If you’re going to live where winter lives, you’d best enjoy snow and cold. Dog teams aren’t as plentiful in Wisconsin as they are in Alaska but Eye on the Trail journalist Terrie Hanke, has been handling dogs and mushing recreationally for 15 or so years. Northern Wisconsin has its share of sled dog kennels and there are many races, mostly sprint races, in nearby Minnesota and Upper Michigan. Unlike Iditarod, races in and around Wisconsin are usually supported. Handlers drive to the checkpoints and deliver food and supplies to the teams and then assist with feeding and dog care. Handling for a team competing in the infamous Bear Grease, a marathon race run in the Arrowhead of Minnesota is both intense, exhausting and rewarding. The weather extremes and challenges of the trail can be almost as challenging as those of Alaska races.

Teaching at North High School, home of the Huskies, Terrie became interested in Iditarod as a theme for education. While attending a Summer Iditarod Educator’s Conference, she learned about the Teacher on the Trail position. Terrie was selected to serve in that capacity in 2006. Covering the length of the trail by either bush plane or snowmachine, visiting checkpoints, meeting villagers, chatting with students, collaborating with teachers, creating lessons, posting stories—all of the things the Teacher on the Trail does—cultivated a soulful sentiment for the Last Great Race.

For Terrie, being in Wisconsin while Iditarod is happening would be unimaginable. Since serving at the Teacher on the Trail™, she continues to volunteer for the race in many capacities including serving on Iditarod’s Education Committee, race communications, timing and support for the Junior Iditarod along with writing and sharing trail stories with race fans, students and teachers through Eye on the Trail and Zuma’s Paw Prints.  Terrie is a member of the Teacher on the Trail™ selection committee and serves as the mentor/coordinator for the selected teacher.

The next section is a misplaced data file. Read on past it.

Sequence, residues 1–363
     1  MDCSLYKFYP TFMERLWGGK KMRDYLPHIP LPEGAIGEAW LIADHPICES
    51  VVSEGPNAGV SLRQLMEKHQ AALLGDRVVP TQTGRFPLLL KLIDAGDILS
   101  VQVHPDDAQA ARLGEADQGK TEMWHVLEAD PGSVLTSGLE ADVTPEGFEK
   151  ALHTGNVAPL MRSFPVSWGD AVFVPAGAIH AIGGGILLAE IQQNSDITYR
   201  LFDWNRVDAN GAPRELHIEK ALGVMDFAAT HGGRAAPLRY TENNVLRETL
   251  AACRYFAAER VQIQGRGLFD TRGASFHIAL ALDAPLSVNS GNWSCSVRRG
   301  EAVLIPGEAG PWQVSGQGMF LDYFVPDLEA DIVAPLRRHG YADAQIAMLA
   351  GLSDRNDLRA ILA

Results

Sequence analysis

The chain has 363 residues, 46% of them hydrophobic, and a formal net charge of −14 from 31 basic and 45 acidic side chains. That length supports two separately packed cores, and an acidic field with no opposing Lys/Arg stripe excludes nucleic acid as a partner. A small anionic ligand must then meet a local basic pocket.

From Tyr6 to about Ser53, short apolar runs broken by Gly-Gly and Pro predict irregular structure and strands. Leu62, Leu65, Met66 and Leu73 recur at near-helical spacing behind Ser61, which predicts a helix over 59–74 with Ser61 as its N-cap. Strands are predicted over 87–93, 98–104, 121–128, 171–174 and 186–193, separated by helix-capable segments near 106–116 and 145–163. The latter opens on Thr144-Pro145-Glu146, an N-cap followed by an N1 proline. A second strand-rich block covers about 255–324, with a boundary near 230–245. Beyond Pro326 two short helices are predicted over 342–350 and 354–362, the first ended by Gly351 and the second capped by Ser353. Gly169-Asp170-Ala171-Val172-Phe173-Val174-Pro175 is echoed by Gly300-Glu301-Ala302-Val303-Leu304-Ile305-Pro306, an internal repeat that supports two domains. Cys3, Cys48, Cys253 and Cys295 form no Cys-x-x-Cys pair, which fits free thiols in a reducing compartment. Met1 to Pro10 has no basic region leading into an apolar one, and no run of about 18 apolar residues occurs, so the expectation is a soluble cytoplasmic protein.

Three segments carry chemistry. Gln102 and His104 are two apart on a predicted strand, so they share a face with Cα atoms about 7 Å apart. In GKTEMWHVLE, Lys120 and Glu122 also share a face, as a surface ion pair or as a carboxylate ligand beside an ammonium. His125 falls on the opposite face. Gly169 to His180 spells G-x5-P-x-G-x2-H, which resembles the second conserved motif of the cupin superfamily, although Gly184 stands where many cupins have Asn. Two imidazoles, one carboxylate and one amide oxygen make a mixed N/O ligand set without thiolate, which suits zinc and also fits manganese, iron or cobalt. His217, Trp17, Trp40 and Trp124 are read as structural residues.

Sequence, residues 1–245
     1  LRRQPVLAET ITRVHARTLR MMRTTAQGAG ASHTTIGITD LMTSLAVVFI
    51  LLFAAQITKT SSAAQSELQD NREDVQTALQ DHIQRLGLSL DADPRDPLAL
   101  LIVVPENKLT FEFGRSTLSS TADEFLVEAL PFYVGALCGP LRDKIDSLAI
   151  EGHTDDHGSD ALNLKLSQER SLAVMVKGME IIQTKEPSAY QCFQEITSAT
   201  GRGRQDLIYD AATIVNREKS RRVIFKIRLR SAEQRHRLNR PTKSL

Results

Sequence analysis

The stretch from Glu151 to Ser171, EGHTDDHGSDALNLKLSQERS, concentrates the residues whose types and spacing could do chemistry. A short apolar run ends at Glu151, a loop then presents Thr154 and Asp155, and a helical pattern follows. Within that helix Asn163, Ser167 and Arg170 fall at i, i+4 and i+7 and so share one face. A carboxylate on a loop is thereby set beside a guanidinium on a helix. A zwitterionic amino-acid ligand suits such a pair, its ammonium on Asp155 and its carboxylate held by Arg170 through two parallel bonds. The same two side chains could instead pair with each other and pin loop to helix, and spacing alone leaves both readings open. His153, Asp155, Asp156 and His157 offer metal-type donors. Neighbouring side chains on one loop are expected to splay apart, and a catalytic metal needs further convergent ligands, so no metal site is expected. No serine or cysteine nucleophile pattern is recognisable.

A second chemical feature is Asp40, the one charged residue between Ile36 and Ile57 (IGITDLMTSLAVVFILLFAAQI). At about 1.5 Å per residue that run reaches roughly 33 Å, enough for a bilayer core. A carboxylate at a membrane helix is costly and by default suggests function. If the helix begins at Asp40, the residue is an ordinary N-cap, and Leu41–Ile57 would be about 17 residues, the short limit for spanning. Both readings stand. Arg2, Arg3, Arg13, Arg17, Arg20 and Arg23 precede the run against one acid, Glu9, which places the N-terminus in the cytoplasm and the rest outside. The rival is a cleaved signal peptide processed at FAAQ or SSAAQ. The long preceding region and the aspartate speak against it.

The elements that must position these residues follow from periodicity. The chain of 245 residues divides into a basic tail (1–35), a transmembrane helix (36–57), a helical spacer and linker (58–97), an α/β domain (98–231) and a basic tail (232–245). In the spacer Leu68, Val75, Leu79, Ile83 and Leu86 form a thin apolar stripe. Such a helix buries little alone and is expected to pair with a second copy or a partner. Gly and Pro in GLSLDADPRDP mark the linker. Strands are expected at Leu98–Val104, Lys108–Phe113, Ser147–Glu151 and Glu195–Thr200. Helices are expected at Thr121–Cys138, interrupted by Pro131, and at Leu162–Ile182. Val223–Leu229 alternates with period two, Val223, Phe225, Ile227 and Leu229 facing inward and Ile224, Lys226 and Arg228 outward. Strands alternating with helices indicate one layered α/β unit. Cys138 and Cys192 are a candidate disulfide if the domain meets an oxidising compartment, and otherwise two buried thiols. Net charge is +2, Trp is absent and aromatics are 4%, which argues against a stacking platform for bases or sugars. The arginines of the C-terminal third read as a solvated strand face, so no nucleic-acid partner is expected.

Terrie’s skills are endless and her devotion to the challenges of the Iditarod Education Department are greatly appreciated!   Not only does Terrie serve as a staff member at the Iditarod Winter Conference and Summer Camp events, but she now has taken on the task as ‘Chef Terrie’ for Iditarod Summer Camp.

What do our race fans have to say about Terrie’s journalistic contribution to the Iditarod?  Here’s an example….

Posted on the Iditarod Form by KnittingBuddy on Sun Mar 20, 2011 10:08 am

Terrie,I want to thank you for the excellent profiles you have been writing about the mushers at the back of the pack. So much coverage ends after the first several mushers arrive at Nome, but I watch for all the racers and my favorites. Your interviews, particularly in White Mountain, are thoughtful, three dimensional, and very realistic. I truly appreciate the care you put into your posts and the details which make these rookies and racers come alive. No wonder you continue to be a special Iditarod teacher!
Thanks,
Eileen in Marylan

Photos of Terrie